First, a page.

US Moves Its Tactical Nuclear Weapons from Turkey

Donate

The US has started to move nuclear weapons, stationed in Turkey, to Romania, in connection with deteriorating relations between Washington and Ankara.

US Moves Its Tactical Nuclear Weapons from Turkey

The Deveselu military base (Photo: AFP 2016 / Daniel Mihailescu)

Against the background of deteriorating relations between Washington and Ankara, the US has started to transfer nuclear weapons, stored in Turkey, to Romania, the EurActiv information website reported on Thursday, citing independent sources.

According to one of the sources, the operation is very complicated technically and politically.

As a recent Simons Center’s report revealed, about 50 units of US tactical nuclear weapons have been placed at the Incirlik air base in Turkey, about 100 km from the Syrian border, since the Cold War.

After the July’s coup attempt in the country, the Turkish government prohibited the flights of US aircraft to the base and out of it and then arrested a base commander for his involvement in the coup attempt. The report asked, whether the US would be able to maintain control of these weapons in the case of a prolonged civil conflict in Turkey, and did not give the answer on this question.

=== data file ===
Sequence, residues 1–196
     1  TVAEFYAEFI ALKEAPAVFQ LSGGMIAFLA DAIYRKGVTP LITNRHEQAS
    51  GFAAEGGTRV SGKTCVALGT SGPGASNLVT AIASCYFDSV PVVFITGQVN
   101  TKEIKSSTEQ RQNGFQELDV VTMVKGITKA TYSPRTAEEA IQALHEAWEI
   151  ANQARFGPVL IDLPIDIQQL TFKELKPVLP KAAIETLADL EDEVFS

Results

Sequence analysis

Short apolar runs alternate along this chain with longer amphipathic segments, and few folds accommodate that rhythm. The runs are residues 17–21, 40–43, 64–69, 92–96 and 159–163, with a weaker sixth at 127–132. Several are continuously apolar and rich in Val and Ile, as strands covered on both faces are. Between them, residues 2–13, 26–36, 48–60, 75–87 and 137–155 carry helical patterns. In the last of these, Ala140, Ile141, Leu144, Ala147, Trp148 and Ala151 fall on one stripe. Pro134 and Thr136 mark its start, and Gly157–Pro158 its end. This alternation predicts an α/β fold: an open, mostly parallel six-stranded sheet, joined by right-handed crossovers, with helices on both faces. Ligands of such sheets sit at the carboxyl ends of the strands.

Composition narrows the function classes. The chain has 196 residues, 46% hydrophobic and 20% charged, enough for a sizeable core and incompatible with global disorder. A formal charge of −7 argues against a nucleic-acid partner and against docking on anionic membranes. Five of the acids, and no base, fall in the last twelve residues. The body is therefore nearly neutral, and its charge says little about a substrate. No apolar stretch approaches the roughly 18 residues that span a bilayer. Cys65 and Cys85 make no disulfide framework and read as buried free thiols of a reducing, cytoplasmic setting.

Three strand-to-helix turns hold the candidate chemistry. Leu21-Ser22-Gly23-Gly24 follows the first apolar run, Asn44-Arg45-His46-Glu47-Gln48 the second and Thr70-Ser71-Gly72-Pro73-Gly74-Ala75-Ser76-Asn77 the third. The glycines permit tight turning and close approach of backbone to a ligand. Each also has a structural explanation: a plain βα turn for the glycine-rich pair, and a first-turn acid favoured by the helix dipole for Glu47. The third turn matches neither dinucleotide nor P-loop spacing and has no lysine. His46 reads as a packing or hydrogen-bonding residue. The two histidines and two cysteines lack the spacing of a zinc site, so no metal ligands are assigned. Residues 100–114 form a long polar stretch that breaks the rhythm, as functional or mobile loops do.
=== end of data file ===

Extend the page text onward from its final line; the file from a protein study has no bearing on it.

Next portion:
Another source said that the US-Turkey relations have deteriorated so much after the coup attempt that Washington no longer trusts Ankara to keep nuclear weapons. According to the source, the weapons are transferring to the Deveselu Romanian military base.

EurActiv noted that the Deveselu base is a placement of a new US missile shield, which causes great discontent of Russia.

The information appeared along with messages about the possible use of the Incirlik air base by the Russian Aerospace Forces for carrying out air strikes in Syria.

Meanwhile, just a day before, the civilian head of the US Air Force said that Washington does not see a need to move the nuclear weapons placed at the Turkey’s air base.

“We do have nuclear weapons and those nuclear weapons are safe and secure, and we are very confident in that,” Deborah Lee James, US Air Force Secretary, said on Wednesday, answering questions at the Foreign Press Club in New York City.

Last Wednesday, Lee James also tried to reassure reporters that tensions between Washington and Ankara will not affect the nuclear bombs.

“They obviously are our ally. We stand with them, they’re an effective air force, and Incirlik is an important location for our joint fight,” she said at the State of the Air Force briefing last week.

However, as we can see, her statements were likely not so plausible.

Donate

SouthFront

Do you like this content? Consider helping us!

  • Alex

    This is called Nuclear proliferation by Washington. The Nuclear proliferation law is there but who act on that. Its ridiculous, Washington dumping there nuclear weapons around the world. There is no Nuclear proliferation law or sanction for Washington. Its absolutely crime against humanity. LOL

  • Alex